The magic of nylon

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David Southwell, an independent consultant and analystSometimes in life those ‘light bulb’ moments occur in the most unusual of circumstances. Such was the case in my awakening to the safety benefits of nylon belt edge reinforcement. It was the mid-to-late 1980s and one of the young tire engineers at the plant where I was working had recently bought an eight-year-old car – a Holden Torana, if my memory serves me correctly. The Torana was a rear-wheel-drive mid-sized sedan, similar in concept to the Opel/Chevrolet Ascona and Vauxhall Cavalier.

Some weeks later he had occasion to remove the spare wheel from its well in the floor of the trunk, a location in which – judging from the pristine condition of the wheel, jack and tools – it had probably resided since the day it was placed there at the factory. Now the spare wheels were a relatively snug fit in the wheel well, which was formed in the top of the pressed steel fuel tank – where the available volume was more favorably used to increase fuel capacity. But you can imagine my colleague’s incredulity when even he – a very tall and gym-sculpted chap – try as he might, was unable to remove the inflated spare wheel.

Deflation of the tire – probably a BR78S13 made in the very plant at which we worked – was required before the thing could be coaxed out, following which it quickly became apparent that the diametric increase of this never-roaded tire was attributable to a major separation of the tread and second belt from the first belt! It was a very important (if unintended) lesson for us all, and no doubt contributed in some way to the decision shortly thereafter to add belt edge reinforcement to many of our designs.

Developed by DuPont’s Wallace Carothers in the late 1930s, Nylon 6,6 found early success in stockings on the legs of women rather than on the ‘feet’ of a car. The first US patent describing its use as belt edge reinforcement material in steel belted radial ply tires was attributed to Pirelli in 1970, and over the subsequent 20 or so years many other manufacturers adapted the concept. Cap strips and nylon overlays became important to meet increasing speed requirements and were virtually mandatory if certification for H speed symbols (and higher) was to be achieved – as was the case in Australia at the time.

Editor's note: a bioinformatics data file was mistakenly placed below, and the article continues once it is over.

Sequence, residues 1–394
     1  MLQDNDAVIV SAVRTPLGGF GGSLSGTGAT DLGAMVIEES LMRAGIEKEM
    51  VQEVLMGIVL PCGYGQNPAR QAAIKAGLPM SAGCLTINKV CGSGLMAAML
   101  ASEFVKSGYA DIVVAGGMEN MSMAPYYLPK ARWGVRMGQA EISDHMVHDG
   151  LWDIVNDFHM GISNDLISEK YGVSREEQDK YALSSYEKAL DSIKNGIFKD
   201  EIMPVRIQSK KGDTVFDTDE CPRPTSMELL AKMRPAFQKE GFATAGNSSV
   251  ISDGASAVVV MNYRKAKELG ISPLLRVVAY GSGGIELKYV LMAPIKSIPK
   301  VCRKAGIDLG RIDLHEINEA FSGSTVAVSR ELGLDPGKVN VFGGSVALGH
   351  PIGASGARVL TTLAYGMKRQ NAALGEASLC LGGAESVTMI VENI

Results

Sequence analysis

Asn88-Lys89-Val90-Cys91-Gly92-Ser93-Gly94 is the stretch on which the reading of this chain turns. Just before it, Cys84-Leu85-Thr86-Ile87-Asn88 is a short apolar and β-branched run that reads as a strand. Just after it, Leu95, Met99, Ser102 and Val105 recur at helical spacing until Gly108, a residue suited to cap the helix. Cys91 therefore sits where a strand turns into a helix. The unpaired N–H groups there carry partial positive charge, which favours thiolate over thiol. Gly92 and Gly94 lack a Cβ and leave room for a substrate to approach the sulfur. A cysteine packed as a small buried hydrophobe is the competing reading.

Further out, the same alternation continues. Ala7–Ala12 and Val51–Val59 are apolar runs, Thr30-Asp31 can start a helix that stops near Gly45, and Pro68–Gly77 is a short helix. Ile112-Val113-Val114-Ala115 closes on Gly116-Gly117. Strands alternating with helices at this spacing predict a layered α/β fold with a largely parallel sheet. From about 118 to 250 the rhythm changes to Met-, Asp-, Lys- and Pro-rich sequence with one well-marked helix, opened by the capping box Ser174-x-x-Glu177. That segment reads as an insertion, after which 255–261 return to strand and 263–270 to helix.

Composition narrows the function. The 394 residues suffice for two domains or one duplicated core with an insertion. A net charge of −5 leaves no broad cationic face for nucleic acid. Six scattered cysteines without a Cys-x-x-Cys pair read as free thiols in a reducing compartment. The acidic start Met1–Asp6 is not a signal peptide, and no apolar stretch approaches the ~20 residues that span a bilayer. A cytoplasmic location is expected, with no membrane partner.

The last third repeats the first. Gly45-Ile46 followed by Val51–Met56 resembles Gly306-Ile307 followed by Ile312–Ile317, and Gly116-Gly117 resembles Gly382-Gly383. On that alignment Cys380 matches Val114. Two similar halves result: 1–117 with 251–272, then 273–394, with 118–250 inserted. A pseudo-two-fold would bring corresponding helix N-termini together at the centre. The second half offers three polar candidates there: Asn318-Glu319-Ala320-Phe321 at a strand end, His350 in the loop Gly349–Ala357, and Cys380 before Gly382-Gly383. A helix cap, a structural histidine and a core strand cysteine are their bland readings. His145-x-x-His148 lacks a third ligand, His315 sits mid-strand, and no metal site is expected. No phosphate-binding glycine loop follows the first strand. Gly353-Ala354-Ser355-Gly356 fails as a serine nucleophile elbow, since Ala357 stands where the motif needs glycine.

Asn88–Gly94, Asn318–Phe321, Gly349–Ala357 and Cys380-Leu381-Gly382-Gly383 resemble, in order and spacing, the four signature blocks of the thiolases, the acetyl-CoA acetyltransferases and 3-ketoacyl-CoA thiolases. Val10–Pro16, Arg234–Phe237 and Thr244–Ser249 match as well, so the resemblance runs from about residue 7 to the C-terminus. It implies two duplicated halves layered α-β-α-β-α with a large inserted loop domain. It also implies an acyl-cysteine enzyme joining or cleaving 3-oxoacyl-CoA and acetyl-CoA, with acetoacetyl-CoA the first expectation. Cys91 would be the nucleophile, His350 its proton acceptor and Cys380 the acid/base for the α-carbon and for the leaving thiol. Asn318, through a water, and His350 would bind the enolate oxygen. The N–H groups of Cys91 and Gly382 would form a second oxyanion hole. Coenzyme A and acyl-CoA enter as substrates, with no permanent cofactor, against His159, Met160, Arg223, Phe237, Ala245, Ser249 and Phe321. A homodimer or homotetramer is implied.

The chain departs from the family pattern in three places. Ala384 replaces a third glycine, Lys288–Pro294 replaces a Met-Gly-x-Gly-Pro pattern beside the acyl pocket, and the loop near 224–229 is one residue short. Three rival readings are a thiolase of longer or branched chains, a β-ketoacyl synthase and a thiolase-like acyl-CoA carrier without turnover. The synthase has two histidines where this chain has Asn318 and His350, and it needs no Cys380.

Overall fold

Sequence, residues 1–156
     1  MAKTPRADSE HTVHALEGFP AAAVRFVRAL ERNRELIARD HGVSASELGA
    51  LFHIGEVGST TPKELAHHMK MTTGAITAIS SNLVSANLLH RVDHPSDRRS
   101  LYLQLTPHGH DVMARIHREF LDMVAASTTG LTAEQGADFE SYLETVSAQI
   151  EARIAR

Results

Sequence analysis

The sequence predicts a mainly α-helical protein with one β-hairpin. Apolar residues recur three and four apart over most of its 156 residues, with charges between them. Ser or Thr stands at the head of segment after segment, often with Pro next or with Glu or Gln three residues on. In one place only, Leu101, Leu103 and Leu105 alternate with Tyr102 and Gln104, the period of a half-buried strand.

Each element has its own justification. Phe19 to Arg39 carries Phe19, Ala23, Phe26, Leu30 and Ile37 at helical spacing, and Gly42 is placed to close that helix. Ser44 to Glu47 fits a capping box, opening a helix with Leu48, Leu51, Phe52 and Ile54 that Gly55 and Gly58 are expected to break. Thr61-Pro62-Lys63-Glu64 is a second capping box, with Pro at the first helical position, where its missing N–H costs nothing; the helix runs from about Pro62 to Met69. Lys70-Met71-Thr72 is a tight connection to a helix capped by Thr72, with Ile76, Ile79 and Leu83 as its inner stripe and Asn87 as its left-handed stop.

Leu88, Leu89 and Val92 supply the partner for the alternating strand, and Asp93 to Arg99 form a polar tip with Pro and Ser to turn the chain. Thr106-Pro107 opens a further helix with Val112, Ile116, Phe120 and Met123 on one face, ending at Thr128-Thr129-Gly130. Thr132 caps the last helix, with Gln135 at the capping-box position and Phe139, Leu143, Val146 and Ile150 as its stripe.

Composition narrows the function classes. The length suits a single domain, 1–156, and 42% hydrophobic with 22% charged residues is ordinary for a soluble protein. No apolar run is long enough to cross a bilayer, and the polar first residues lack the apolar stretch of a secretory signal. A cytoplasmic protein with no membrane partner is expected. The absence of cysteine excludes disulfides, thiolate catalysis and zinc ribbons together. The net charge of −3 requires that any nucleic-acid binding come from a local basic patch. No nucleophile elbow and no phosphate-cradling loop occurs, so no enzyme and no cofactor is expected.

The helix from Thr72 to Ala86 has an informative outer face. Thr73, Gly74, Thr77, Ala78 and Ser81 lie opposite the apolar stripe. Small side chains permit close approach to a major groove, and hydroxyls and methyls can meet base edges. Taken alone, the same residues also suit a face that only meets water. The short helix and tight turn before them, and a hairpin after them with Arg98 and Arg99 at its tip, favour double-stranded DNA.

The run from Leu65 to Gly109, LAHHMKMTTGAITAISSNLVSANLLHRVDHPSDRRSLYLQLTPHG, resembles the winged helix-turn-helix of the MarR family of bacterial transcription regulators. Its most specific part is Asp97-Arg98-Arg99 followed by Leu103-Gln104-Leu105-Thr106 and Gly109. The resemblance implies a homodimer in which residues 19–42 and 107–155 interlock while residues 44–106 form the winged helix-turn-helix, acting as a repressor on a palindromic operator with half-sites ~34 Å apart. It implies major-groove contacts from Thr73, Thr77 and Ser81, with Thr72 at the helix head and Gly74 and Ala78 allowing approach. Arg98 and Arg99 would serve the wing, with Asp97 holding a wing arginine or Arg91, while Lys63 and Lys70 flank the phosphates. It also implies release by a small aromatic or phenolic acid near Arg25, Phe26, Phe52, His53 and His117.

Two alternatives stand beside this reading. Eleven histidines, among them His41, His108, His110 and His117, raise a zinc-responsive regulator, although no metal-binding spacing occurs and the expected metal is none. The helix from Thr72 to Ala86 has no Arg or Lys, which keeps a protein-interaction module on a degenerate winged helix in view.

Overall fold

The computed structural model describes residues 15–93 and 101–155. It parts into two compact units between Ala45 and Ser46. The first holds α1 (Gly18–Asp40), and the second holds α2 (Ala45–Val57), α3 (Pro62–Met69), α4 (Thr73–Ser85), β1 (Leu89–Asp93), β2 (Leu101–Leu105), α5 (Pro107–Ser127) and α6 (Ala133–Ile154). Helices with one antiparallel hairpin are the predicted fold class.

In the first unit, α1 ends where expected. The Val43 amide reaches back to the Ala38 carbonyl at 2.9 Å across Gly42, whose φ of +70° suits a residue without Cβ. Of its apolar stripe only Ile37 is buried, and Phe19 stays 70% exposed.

Completed in hours, speed capability tests are of course a measure of specific short-term durability of the design, and it took three or four more years before the long-term durability benefits of nylon belt edge reinforcement surfaced in the ultimate tire proving ground – the real world.

By that stage I was in field service and regularly visiting tire dealers in hot, remote parts of Australia. The scores of belt separation claims to which I’d grown accustomed on each trip progressively reduced to a trickle, a graphic demonstration that nylon belt reinforcement also delivered safety benefits well beyond the tire test wheel and uniformity machine.

Fast-forward nearly 30 years, and I’m staggered to find even some top-tier brand tires from across the globe that still lack this most important of safety features. At just a few cents per unit it’s inconceivable that cost is the underlying reason, and the NVH and flat-spotting issues that were for some time associated with nylon components have been virtually eliminated.

Sure, as an industry we now understand tire aging much better than we did back then, and actively seek to educate consumers about the risks. But the fact remains that tires are largely a low-involvement product for the vast majority of consumers, and in many markets the probability of spare wheels remaining inflated and inactive for years – often in hot climates –remains both high and eminently foreseeable.

Maximizing long-term tire structural durability is not only good for brand reputation, it may well save lives. The ramifications of tire failure stretch well beyond the spare wheel being stuck in place.

David Southwell is an independent consultant to the tire industry. He has more than 30 years’ experience working with automotive OEMs in design, development, production, quality, technical training, field performance and failure analysis roles with various tire manufacturers and retreaders in the Asia-Pacific region. Southwell’s expertise spans passenger car, light truck and truck and bus tires, and he holds a master’s degree in Engineering.

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